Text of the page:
Sunday, August 30, 2015

Volatility and the Debate about Market Direction

  • Last week, asset prices around the world had broad swings, with strong declines in equities and commodities on Monday, followed by positive moves later in the week.
  • The S&P 500 Volatility Index (VIX) rose to 53.29 on Monday – its highest level since the 2008-2009 financial crisis.  By Friday, the VIX dropped to 26.  Note: The VIX is a measure of uncertainty and higher values suggest broad positive and negative price swings.
  • Market commentary included - Esther George, President of Kansas City Federal Reserve President, during a Bloomberg interview: “We should expect volatility, I think, from time to time, we are in a period of some uncertainty – [there are] questions about China, questions about global growth …  What it means for monetary policy I think is not yet clear. It’s a complication, it’s something we watch.”
  • Graham Secker and Matthew Garman of Morgan Stanley’s Research strategy team: “We do not believe that the ongoing economic weakness in EM and China will significantly drag down the European economy. Consequently, we feel that the current volatility in equity markets is likely to be temporary rather than the start of a long and painful bear market.”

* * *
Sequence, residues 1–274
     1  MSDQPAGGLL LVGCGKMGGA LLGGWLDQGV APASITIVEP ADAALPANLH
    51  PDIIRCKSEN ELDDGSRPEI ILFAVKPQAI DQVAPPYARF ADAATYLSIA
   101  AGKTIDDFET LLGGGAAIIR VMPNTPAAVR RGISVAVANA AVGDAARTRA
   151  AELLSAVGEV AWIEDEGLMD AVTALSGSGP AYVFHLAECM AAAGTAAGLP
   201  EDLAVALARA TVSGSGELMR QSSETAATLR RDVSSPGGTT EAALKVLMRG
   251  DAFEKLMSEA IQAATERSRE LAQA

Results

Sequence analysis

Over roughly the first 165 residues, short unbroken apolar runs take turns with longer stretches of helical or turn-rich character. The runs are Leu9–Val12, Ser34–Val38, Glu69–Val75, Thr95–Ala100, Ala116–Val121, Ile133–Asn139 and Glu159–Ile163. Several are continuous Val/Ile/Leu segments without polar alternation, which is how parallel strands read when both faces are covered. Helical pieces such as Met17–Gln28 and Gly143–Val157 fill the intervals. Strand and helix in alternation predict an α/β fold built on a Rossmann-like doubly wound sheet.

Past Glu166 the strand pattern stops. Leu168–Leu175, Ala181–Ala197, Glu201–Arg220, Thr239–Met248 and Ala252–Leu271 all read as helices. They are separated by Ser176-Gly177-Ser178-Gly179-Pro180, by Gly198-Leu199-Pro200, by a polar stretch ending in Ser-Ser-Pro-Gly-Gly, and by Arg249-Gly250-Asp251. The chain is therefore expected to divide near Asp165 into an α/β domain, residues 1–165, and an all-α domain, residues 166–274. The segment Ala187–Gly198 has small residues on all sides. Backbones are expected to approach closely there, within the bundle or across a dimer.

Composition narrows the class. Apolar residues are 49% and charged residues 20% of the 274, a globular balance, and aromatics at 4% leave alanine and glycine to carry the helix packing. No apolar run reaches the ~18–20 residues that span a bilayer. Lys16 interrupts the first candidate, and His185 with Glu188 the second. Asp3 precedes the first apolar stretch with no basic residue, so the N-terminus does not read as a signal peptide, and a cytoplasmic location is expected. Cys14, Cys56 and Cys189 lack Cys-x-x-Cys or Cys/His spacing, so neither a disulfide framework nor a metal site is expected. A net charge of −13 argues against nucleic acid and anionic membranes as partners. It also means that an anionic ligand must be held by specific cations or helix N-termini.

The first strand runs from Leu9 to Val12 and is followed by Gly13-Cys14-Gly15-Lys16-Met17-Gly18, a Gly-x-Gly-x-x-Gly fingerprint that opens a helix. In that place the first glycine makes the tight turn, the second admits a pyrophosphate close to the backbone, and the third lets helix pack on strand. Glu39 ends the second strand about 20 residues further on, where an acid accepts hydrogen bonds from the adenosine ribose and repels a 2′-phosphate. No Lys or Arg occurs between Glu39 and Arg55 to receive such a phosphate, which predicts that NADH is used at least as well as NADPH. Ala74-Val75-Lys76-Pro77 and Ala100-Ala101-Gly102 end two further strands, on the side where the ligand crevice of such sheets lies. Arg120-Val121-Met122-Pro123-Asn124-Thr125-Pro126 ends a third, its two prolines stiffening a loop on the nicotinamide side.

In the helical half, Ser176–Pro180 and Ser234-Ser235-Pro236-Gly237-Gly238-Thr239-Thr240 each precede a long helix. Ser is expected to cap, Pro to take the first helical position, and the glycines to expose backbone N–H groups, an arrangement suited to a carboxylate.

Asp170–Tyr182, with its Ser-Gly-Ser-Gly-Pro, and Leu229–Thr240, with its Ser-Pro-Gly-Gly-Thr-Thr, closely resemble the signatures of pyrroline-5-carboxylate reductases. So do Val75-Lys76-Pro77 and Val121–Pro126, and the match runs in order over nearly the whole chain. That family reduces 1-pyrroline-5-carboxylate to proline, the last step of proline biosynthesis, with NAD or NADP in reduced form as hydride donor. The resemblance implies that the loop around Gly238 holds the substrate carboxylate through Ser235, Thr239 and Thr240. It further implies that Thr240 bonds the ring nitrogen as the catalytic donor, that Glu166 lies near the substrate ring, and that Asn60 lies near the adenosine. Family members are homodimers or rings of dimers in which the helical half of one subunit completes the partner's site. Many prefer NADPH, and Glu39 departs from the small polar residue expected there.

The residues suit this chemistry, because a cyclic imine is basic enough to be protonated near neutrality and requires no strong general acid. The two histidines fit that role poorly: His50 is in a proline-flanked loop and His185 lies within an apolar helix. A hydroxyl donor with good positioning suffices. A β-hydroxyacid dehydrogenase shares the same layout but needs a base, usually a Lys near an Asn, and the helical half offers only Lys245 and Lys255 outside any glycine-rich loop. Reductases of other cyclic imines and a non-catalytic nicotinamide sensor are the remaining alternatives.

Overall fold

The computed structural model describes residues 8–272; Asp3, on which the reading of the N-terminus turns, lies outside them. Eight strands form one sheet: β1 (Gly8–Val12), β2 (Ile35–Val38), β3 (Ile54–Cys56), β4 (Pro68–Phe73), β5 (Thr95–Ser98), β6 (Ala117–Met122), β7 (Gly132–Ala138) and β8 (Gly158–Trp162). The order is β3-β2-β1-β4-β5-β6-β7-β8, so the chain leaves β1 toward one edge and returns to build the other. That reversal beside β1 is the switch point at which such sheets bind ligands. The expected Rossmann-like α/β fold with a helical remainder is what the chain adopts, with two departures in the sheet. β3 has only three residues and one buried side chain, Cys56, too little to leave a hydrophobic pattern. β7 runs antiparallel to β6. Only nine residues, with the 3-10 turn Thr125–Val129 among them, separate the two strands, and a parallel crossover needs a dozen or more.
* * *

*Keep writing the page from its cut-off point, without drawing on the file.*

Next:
• Andrew Lapthorne, Head of Quantitative Equity Research at Societe Generale: “Quality is now essentially price momentum and vice versa, and history tells us when these two strategies collide the omens are not usually good, as it is a phenomena usually associated with equity markets turning bearish.”
MY TAKE
  • With only 147 stocks in the S&P 500 trading about their 200 day moving average, investors are likely “crowding” into stocks with positive price momentum such as GoogleFacebookAmazonJP Morgan, VisaMasterCardStarbuckPriceline and Netflix – a process that may support Andrew Lapthorne’s view.
  • In addition, while the prices of many commodities (and related stocks) had a strong positive reversal last weekstability in these assets is likely needed to avoid additional market volatility.
  • Finally, many factors drive market direction but the increased use of automated systems by both high frequency traders and longer term institutional investors is likely increasing the speed of overall market action.

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